Artificial intelligence is arguably the hottest growth area of business this year and could be for the rest of the decade. In early 2023, Microsoft announced a $10 Billion investment in ChatGPT creator OpenAI. Google followed a month later with a $300 Million investment in AI startup Anthropic, giving them a 10% stake in the company. So big tech’s big bucks are flowing to artificial intelligence right now, and that will sustain its growth path, at least for the foreseeable future. As you might guess, artificial intelligence for content creators will hold great promise as well.
At first blush, Artificial Intelligence seems like a godsend for content creators. It has the potential to address many of the most pressing problems that content creators have:
- Ideation. This is big for me, I have always struggled with coming up with enough ideas for new content.
- Editing. My process to editing goes like this: Publish the post, then immediately proofread it. With AI, you can have your post proofread for you quickly and easily, and have it edited in pretty much any style you choose.
- SEO, AI can easily give you tips to improve the search engine performance and rankings for your content.
- Visual enhancements. AI can suggest appropriate visual components.
- Headline writing tweaks. AI can write your headlines for you! Many content creators and especially bloggers struggle with writing compelling headlines.
So as you can see, when used correctly, artificial intelligence can greatly aid content creators. But there are some potential drawbacks to consider as well.
AI Should Enhance Your Content Creation, it Shouldn’t Replace it
The best way to look at Artificial Intelligence is as a tool you can use to improve an existing output, not as a tool that creates the content for you.
Let’s look at two scenarios to illustrate the difference:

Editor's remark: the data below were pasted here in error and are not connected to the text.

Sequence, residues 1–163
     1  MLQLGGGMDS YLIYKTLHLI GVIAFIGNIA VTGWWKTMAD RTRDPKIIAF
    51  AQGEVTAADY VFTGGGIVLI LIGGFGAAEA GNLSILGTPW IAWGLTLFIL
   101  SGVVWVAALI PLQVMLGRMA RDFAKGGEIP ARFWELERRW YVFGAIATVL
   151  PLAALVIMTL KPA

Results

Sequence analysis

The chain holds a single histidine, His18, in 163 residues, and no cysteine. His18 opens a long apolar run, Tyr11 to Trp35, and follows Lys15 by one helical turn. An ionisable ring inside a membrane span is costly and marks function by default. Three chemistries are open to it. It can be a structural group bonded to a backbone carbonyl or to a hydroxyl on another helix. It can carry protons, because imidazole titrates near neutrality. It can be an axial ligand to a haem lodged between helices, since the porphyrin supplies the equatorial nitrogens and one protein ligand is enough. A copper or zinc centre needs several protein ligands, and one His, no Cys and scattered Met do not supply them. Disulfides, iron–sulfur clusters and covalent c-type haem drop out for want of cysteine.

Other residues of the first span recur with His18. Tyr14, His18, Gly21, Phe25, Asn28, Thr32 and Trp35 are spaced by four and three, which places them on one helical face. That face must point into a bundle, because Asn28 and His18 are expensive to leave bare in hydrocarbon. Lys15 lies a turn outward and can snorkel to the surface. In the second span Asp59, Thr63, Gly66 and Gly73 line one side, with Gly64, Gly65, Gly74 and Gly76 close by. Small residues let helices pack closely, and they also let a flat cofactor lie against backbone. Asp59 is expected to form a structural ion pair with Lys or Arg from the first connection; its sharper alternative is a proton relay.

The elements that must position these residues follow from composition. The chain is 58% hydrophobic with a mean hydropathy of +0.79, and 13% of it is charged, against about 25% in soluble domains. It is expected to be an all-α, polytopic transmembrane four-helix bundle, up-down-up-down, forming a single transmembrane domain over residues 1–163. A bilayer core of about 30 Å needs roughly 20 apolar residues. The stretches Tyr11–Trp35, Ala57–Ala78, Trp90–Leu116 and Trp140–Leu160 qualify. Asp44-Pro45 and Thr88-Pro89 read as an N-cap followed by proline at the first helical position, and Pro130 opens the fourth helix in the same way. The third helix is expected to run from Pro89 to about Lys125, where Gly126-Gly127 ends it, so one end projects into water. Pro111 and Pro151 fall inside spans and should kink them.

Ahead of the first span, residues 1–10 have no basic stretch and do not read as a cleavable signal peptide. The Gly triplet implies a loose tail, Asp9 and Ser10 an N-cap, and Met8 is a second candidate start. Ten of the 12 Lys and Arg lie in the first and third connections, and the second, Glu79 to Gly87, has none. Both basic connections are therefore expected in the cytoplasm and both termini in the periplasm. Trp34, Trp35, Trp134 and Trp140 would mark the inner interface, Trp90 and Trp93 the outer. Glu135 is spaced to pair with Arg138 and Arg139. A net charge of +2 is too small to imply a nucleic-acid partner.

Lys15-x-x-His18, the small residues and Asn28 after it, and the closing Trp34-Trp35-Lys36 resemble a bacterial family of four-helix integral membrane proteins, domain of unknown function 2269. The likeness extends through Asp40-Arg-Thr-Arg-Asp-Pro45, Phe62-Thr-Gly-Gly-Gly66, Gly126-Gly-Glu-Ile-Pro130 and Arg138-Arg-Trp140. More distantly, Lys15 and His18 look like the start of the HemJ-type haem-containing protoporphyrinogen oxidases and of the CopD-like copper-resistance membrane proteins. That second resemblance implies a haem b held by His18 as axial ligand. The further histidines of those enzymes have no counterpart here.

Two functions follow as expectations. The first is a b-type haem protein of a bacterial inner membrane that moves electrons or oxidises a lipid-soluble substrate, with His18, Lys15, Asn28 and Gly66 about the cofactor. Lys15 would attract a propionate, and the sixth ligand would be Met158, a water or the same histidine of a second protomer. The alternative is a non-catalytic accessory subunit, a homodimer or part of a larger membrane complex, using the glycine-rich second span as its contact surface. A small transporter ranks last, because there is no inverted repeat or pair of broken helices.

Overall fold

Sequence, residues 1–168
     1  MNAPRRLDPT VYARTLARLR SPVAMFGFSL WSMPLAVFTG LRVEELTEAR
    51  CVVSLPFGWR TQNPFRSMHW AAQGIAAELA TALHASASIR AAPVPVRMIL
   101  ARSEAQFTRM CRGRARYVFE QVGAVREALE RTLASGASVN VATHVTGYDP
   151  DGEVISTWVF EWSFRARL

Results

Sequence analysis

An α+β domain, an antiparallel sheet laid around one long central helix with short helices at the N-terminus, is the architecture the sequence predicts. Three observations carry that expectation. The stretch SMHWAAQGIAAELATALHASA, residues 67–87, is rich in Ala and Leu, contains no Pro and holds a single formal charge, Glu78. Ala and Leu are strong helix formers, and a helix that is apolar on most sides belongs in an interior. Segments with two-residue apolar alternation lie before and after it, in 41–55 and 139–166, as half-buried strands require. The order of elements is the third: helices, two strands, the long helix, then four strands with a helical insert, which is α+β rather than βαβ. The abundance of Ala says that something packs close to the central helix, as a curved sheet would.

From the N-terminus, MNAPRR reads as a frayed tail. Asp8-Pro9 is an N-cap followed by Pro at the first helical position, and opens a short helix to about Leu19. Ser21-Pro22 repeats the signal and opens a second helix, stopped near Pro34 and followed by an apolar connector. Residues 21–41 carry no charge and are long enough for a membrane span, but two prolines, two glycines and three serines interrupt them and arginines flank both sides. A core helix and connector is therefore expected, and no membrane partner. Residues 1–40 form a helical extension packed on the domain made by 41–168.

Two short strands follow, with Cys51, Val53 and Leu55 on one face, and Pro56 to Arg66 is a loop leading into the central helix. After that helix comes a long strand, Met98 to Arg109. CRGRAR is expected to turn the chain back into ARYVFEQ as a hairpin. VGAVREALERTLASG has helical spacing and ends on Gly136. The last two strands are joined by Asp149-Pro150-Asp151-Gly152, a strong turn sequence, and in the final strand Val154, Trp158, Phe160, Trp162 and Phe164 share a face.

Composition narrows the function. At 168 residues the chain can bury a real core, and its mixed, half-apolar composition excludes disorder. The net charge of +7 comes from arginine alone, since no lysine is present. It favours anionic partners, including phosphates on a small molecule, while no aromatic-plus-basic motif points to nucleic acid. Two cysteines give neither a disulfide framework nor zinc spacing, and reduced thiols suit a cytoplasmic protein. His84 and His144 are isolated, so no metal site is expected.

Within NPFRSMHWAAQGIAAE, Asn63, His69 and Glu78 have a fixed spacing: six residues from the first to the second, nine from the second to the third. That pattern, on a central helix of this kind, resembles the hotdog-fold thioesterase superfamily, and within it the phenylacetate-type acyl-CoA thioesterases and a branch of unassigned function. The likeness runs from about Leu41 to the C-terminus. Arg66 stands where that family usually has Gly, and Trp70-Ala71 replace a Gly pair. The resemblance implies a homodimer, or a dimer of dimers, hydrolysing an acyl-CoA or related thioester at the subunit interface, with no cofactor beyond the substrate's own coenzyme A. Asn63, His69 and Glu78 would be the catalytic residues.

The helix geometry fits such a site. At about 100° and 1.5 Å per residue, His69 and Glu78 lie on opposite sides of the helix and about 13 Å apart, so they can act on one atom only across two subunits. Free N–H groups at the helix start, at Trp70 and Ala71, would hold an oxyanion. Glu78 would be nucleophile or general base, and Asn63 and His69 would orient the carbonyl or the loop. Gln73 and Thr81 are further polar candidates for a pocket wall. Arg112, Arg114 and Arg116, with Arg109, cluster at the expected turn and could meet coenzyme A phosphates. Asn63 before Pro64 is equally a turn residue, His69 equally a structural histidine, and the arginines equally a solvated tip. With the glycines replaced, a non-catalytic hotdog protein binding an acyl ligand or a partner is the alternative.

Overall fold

First, let’s say you have agreed to cook dinner for friends. Since you aren’t much of a cook, you decided to go with something quick and easy, spaghetti with marinara. For the marinara, you decided to choose Rao’s Homemade Marinara (which is actually quite good), but you want to pass it off as being your own homemade concoction.
So your friends arrive, but it seems Michael invited his friend Paolo to join the group, and of course Paolo would just so happen to be a world-class chef. So when your friends begin dinner, they compliment you on the spaghetti and sauce, which you claim you made yourself. Paolo compliments it as well, adds it tastes remarkably close to Rao’s that can be bought from the shelf, and asks for your recipe. Oops. This would be an example of having AI do the work for you, and how that can create problems.
Now let’s look at the second scenario. In this scenario, you are still making dinner for your friends, still making spaghetti, but in this example you can actually cook! And you have gotten quite good at making homemade marinara, as your friends will attest. So your friends arrive a bit early for dinner, and again, Michael invites Paolo along to dinner. When you learn that Paolo is a world-class chef, you invite him to sample your marinara as you are preparing it. He marvels at the taste, you thank him and add that you think it needs some more ‘heat’, but you don’t want to make it spicy. Paolo tastes it again and then suggests you add a pinch of black pepper. You do, and perfection! Your marinara has the exact taste of ‘heat’ you were looking for! In this example, AI, er….Paolo, took an already good homemade marinara sauce, and made it better. The AI enhanced your work and improved the final product.
Additionally, the information given by AI isn’t always accurate. And that can quickly cause problems:
A New York lawyer faces sanctions after his legal brief, written using ChatGPT, had "bogus judicial decisions, with bogus quotes and bogus internal citations" (@benweisernyt / New York Times)https://t.co/YWVFbnV9W3https://t.co/JNzZduCVZ3
— Techmeme (@Techmeme) May 27, 2023
Also, the sources of information that AI tools pull from, especially visuals such as photos, may include copyrighted material, which can create additional issues:
— Cointelegraph (@Cointelegraph) May 30, 2023
Also, there’s the concern over spreading misinformation that’s been generated by AI:
This AI-generated image of an explosion at the Pentagon tricked several breaking news accounts, and caused the stock market to drop temporarily @elonmusk this is why we need to regulate AI pic.twitter.com/AedGT8W3Os
— Genevieve Roch-Decter, CFA (@GRDecter) May 22, 2023
So how should you use AI as a content creator?
Simply put, AI should be used to enhance content that YOU create. These tools can be quite valuable for content creators, if used correctly. What you don’t want to happen is let the AI create the content, then you tweak it. You should create the content, then use AI as a tool to help edit, enhance and improve YOUR work.